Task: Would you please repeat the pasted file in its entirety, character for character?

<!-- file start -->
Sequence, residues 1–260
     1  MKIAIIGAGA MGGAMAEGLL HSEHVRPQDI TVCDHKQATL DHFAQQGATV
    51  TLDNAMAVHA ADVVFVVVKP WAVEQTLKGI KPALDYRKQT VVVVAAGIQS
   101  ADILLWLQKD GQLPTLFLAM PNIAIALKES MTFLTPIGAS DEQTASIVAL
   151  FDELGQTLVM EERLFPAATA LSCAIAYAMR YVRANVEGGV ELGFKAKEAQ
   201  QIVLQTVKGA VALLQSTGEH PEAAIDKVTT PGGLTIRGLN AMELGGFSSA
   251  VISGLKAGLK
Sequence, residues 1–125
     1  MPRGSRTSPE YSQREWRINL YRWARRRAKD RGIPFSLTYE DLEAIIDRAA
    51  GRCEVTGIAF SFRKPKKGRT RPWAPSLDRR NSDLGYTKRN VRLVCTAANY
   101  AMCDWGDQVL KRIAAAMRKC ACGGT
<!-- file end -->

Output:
Sequence, residues 1–260
     1  MKIAIIGAGA MGGAMAEGLL HSEHVRPQDI TVCDHKQATL DHFAQQGATV
    51  TLDNAMAVHA ADVVFVVVKP WAVEQTLKGI KPALDYRKQT VVVVAAGIQS
   101  ADILLWLQKD GQLPTLFLAM PNIAIALKES MTFLTPIGAS DEQTASIVAL
   151  FDELGQTLVM EERLFPAATA LSCAIAYAMR YVRANVEGGV ELGFKAKEAQ
   201  QIVLQTVKGA VALLQSTGEH PEAAIDKVTT PGGLTIRGLN AMELGGFSSA
   251  VISGLKAGLK
Sequence, residues 1–125
     1  MPRGSRTSPE YSQREWRINL YRWARRRAKD RGIPFSLTYE DLEAIIDRAA
    51  GRCEVTGIAF SFRKPKKGRT RPWAPSLDRR NSDLGYTKRN VRLVCTAANY
   101  AMCDWGDQVL KRIAAAMRKC ACGGT